Brian Williams At Berlin Wall: Latest Apparent Fib — Said He Was There When Wall Came Down

Jonathan Vankin

Brian Williams, the $10 million-per-year NBC News anchor, has already been placed on a six-month unpaid suspension for apparently fibbing about his experiences while covering the Iraq War in 2003. Now, a series of newly discovered exaggerations and seeming fabrications by Williams are coming to light, the latest revealed Thursday in a report by CNN Money.

Williams also canceled an appearance on CBS' Late Show With David Letterman on February 12, and has reportedly been banned by his employer from speaking publicly.

The new revelations concern Williams supposed experiences at the fall of the Berlin Wall in 1989, and his supposed meeting with Pope John Paul II 10 years before that, when Williams was still an undergraduate.

If verified, the new revelations would show that Williams' pattern of making up tall tales about his own supposedly extraordinary experiences extends back farther than previously believed.

According to the CNN Money report, Williams has repeatedly told a story of being present "at the Brandenburg Gate the night the wall came down." He told the story during a 2008 forum at the Ronald Reagan Presidential Library.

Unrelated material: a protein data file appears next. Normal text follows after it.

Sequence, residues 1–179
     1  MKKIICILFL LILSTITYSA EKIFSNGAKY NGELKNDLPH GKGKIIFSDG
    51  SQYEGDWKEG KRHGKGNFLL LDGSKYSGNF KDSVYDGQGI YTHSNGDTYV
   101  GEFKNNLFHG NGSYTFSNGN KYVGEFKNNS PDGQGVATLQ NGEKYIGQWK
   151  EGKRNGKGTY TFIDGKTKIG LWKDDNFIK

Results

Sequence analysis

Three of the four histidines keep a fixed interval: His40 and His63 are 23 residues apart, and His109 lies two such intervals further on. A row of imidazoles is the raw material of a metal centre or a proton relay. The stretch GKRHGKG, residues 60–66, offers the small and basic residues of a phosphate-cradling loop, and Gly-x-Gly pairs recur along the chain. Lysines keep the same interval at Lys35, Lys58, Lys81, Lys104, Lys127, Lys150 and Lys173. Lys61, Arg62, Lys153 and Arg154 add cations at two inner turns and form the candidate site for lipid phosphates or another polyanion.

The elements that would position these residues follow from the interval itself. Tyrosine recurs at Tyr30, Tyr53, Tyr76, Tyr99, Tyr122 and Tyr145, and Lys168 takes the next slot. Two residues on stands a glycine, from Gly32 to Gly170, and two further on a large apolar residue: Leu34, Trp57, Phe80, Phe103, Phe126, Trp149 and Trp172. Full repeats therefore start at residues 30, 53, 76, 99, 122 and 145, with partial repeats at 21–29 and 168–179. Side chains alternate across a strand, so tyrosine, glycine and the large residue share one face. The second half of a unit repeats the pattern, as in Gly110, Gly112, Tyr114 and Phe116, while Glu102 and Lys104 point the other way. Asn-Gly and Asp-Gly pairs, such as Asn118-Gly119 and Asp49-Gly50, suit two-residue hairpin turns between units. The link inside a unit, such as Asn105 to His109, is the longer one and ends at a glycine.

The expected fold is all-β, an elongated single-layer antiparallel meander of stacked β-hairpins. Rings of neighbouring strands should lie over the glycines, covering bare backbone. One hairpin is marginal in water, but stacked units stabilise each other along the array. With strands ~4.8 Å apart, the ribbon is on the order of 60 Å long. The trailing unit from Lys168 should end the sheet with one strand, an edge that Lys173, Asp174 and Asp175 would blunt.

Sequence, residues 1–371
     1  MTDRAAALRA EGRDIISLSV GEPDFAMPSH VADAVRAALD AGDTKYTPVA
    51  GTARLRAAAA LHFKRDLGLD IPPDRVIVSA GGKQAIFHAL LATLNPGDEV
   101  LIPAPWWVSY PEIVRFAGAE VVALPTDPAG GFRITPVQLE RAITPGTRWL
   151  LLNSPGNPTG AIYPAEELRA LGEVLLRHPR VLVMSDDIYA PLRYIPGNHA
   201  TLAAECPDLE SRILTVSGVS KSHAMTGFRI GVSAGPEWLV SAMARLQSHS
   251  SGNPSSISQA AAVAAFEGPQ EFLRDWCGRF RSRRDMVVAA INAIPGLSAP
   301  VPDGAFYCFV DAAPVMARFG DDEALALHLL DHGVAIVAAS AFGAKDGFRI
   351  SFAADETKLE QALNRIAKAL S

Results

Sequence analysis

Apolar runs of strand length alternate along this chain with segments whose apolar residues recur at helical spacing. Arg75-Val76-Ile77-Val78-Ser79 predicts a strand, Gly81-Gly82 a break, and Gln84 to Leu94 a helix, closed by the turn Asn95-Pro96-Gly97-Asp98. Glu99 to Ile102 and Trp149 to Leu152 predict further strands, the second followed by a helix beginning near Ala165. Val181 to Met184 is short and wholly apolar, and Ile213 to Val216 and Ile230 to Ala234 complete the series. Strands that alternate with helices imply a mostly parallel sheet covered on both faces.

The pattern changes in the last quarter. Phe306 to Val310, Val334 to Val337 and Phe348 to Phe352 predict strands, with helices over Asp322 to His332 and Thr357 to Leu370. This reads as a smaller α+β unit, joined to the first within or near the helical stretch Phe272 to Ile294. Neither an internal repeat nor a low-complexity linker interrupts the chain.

As recently as November of last year, Williams — who was a reporter for WCBS TV in New York in 1989 — said that "25 years ago tonight, Tom Brokaw and I were at the Berlin Wall."

But Brokaw was widely known to be the only anchor from an American network on the scene November 9, 1989, when the 28-year-old wall that divided democratic west Berlin from Communist East Germany — perhaps the most stark and identifiable symbol of the Cold War — was demolished.

While Williams and other American reporters are known to have arrived at least 12 hours later, by that time most of the wall had already come down, though Williams likely saw at least some of the dismantling.

CNN Money spoke to an NBC source, who told the site that "Brian arrived the day after the wall came down."

On other occasions, Williams has acknowledged that Brokaw beat him to the Berlin Wall by about 12 hours.

The site also uncovered a story told repeatedly by Brian Williams in which he claimed to have shaken the hand of Pope John Paul II in 1979 during a papal visit to Catholic University in Washington D.C.

But in Williams' original telling of the tale, from 2002, he claimed only to have helped with preparations for the pope's visit, and was simply "there" when Pope John Paul II arrived on campus.

But in 2004, Brian Williams changed that story, too. He delivered a commencement address at his alma mater, and told students that 25 years earlier he "was in this very doorway, shaking hands with the Holy Father during his visit to this campus."

[Image: Monica Schipper/Getty Images]